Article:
• Agile and hybrid projects produced the same level of stakeholder success, and both approaches produced significantly higher levels of stakeholder success than traditional projects. Stakeholder success was measured as an average of the measures of sponsor, client, and project team satisfaction.
• Both agile and hybrid approaches significantly and positively impacted stakeholder success after controlling for other important variables such as goal clarity, team experience, stakeholder engagement, and project complexity.

Practical Implications
• If conventional measures of project success—budget, schedule, and scope/quality—are critical then any of the three approaches (traditional, agile, or hybrid) can deliver positive outcomes. Often, projects that are well understood and clearly defined fall into this category.
• However, if there is a need for team, stakeholder, and/or client engagement to steer the project iteratively toward a satisfactory conclusion, then using a hybrid or agile approach will produce more successful results than a traditional approach.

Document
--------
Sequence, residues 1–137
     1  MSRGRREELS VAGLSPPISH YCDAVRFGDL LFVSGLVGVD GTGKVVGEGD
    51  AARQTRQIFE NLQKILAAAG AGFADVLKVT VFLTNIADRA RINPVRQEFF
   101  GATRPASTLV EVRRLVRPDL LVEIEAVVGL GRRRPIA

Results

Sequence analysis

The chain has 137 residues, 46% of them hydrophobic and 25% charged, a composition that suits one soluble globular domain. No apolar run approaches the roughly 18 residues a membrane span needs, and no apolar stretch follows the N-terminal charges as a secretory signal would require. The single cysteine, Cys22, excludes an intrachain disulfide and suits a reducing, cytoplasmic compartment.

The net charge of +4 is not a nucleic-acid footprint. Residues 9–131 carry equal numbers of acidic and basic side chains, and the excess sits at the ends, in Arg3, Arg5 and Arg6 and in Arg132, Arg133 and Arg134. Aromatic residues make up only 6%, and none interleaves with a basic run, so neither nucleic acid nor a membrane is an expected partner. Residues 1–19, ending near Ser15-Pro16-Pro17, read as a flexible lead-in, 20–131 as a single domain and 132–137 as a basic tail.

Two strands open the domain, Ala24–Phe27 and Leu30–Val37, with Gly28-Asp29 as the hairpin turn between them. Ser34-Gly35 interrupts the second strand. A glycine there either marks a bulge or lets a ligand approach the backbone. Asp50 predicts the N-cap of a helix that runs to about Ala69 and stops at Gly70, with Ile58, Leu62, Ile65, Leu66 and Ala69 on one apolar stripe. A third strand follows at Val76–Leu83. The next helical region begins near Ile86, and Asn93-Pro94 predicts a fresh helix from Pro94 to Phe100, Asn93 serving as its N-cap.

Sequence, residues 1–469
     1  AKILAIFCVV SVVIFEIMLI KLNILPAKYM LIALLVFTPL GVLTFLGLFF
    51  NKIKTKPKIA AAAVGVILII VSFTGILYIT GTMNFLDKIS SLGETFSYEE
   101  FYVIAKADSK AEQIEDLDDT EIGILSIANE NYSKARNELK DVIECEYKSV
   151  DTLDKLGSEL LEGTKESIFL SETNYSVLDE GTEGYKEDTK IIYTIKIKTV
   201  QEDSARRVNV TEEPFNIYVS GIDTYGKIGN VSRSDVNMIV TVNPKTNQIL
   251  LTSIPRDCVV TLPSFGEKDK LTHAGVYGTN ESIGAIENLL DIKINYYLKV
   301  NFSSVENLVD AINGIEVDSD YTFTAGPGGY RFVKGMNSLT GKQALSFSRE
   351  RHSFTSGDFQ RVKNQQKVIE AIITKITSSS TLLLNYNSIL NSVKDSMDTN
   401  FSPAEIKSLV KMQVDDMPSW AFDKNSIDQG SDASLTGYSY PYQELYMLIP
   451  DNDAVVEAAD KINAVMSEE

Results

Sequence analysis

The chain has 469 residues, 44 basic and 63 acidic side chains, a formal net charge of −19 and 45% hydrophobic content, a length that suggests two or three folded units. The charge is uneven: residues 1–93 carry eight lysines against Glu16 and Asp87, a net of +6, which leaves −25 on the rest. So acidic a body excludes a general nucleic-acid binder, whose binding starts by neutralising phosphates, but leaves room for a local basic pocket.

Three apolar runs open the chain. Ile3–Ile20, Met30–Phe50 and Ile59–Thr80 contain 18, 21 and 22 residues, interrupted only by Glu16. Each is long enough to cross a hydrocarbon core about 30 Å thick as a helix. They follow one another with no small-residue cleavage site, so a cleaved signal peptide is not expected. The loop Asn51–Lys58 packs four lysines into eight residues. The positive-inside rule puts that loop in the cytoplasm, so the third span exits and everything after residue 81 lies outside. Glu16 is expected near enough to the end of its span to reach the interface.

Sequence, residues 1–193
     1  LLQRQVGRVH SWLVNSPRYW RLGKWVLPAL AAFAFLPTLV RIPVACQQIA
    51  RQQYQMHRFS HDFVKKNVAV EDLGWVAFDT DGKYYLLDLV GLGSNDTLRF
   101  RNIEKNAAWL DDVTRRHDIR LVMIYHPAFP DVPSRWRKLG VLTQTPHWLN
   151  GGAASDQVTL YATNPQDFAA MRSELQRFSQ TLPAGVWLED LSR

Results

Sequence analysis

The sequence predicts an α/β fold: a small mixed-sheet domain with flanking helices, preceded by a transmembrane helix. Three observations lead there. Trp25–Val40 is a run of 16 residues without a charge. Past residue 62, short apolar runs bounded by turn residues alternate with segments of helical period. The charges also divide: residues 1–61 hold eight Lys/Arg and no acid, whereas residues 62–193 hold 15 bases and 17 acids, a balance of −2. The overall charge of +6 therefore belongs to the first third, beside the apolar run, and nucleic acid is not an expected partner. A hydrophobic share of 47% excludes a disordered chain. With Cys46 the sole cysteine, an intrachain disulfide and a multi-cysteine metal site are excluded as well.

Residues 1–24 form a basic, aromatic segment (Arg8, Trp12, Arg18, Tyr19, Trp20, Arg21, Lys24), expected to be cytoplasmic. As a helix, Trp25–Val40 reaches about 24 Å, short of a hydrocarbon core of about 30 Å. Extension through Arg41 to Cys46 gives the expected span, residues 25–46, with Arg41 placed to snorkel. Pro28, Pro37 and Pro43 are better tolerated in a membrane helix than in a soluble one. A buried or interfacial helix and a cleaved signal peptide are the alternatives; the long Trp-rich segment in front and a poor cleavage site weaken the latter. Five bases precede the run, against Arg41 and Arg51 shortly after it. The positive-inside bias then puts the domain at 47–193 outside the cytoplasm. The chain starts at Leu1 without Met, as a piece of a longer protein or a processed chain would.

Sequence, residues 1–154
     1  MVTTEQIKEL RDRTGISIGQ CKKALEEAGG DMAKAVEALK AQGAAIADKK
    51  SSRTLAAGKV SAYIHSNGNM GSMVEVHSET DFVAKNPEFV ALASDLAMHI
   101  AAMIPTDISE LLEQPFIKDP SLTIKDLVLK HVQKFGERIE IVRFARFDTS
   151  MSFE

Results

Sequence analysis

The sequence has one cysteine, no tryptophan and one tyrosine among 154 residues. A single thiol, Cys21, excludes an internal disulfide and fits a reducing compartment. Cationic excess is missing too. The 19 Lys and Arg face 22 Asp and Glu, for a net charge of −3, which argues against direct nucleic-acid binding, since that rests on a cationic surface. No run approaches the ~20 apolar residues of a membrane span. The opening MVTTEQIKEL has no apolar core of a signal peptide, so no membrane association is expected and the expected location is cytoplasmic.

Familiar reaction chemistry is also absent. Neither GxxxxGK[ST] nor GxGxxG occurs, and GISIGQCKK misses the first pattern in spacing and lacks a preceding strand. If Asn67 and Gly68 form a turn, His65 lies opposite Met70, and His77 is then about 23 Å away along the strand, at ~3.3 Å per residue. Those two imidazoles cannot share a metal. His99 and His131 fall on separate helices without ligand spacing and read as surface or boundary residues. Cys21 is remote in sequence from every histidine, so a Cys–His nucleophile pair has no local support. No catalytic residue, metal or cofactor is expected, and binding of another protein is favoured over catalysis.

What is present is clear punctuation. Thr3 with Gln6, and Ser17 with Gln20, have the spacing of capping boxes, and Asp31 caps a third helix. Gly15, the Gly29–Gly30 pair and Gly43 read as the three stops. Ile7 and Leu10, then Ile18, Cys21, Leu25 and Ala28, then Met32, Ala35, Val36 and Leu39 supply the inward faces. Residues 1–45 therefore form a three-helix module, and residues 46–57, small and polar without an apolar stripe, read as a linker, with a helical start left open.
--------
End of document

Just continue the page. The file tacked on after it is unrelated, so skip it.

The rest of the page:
• Choosing a hybrid approach, which includes some agile practices, does not predict runaway budgets or schedules. Agile approaches are disciplined and can achieve project triangle targets to produce good budget and schedule outcomes.
• Taking time at the beginning of a project to discuss and decide on the overall approach and select practices from several methodologies to fit the context of the project and organization is a very worthwhile use of a project leader’s time.
• Sponsors and senior managers should seek to free projects from the strict application of specific methodologies and instead challenge project teams to use practices that add value and correspond to their environment.

Overall Takeaway
Our overarching conclusion from this study is that hybrid approaches are a viable option for today’s organizations, particularly when a pure agile approach might not be suitable.

Agile, traditional, or hybrid approaches can produce good results on the triple constraints of schedule, budget, and scope. To produce superior results on stakeholder success and value delivered requires a high level of communication among the team, sponsor, and client. This communication is better facilitated through an agile approach and practices.

These practices can be embedded in a purely agile or a hybrid project approach. Hybrid approaches are not a stage that organizations go through while moving from one project approach to another. A hybrid approach is not a poor second choice, but rather a natural evolution in the maturity of the project management discipline toward practices that achieve objectives and add value.

For further information on this and similar projects, please contact